Paul StametsPaul Stamets is an interesting guy with a genuine desire and belief that he can help heal some of the damage humans have done to the Earth with the help of mushrooms.

If you don't have time to read one of his 6 books, then I suggest a recent interview by Frank Aragona as an excellent introduction to the wonderful world of mushrooms.

This is an exceptional 2 part interview from Frank's podcast archive at, which is totally free of charge. You'll learn how Paul got started with mushrooms, his work with the government and petro-chemical industry, and a great breakdown of the history and evolution of mushrooms and how important they are for survival.

I've heard several podcasts lately and this one really charged me up like no other. Frank posed some great questions and Paul took the ball and ran a few enthusiastic miles with it.

Posted Wed May 6 18:22:43 2009 Tags:
First squash seedling and oak leaves.

I just realized that I forgot to list all of the things we'll be planting in May.  Suffice it to say that this is the month we put in all warm weather crops --- tomatoes, peppers, sweet potatoes, basil, beans, corn, squashes of all sorts, cucumbers, melons.  You name it, we plant it.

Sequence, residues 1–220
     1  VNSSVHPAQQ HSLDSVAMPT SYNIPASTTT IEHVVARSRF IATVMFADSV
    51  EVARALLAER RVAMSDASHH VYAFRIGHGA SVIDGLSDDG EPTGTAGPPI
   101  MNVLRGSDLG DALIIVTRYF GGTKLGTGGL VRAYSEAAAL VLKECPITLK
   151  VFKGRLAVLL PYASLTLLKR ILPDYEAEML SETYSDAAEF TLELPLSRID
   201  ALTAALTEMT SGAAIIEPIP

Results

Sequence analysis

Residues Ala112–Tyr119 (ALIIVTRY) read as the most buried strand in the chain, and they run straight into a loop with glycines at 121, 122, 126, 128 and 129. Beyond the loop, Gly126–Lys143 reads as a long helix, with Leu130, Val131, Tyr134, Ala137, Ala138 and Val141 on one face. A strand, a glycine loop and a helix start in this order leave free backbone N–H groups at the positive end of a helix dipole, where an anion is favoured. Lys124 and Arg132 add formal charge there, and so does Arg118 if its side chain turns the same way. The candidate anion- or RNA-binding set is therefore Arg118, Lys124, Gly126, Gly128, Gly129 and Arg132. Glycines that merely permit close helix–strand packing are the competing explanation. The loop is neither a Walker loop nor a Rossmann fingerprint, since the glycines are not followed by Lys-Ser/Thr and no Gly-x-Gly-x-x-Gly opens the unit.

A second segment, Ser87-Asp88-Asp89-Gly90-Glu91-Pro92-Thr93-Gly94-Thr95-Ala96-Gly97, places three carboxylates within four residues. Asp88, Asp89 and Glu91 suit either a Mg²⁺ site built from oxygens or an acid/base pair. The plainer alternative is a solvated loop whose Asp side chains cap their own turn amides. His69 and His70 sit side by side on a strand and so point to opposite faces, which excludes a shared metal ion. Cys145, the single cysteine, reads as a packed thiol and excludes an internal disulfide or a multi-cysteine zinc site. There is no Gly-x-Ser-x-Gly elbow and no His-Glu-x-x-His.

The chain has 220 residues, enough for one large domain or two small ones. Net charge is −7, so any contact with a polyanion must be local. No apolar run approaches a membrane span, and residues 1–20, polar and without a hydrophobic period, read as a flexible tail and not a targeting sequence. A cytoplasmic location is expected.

Supposedly, the Native Americans planted their corn when the oak leaves were the size of a squirrel's ear.  We put in our first planting of corn (and a lot of other vegetables) a week ago when the oak leaves were just shy of that size.  Now, after five days of solid rain, the oak leaves are more cat-ear-sized and the first seedlings are peeking out of the ground.  The photo above is a seedling of our favorite type of summer squash --- Goldbar.

Posted Thu May 7 07:58:51 2009 Tags:

Lucy beside a large bush of comfreyMost farmers --- and I'm no exception --- get tunnel vision about producing the crops they're interested in.  But permaculture admonishes us to put in some species which have other uses beyond going in our bellies.  I don't spend too much time worrying about planting nectaries since the majority of our property is one huge nectary and our "lawn" is primarily flowering weeds.  On the other hand, I'm now starting to think seriously about dynamic accumulators.

Dynamic accumulators are plants which are good at mining nutrients out of the soil...

This post is part of our Permaculture lunchtime series.  Read all of the entries:

Posted Thu May 7 10:44:05 2009 Tags:
Mark Bee happy

Honey bee collageThree more packages of bees are safely tucked away in their new boxes. We paid 2 dollars extra and had the queens marked with a little green dot on this batch, which seems to be worth it for the peace of mind you get knowing for sure she's alive and kicking.

Posted Thu May 7 21:05:53 2009 Tags:
Wet weather

After three inches of rain in a week, the creek finally rose.  Now, I want you to imagine us carrying three boxes of buzzing bees (screened boxes, not cardboard boxes) across this footbridge.  Then hopping across those stepping stones and scrambling up a muddy bank.  It was quite an adventure!

Posted Fri May 8 07:45:52 2009 Tags: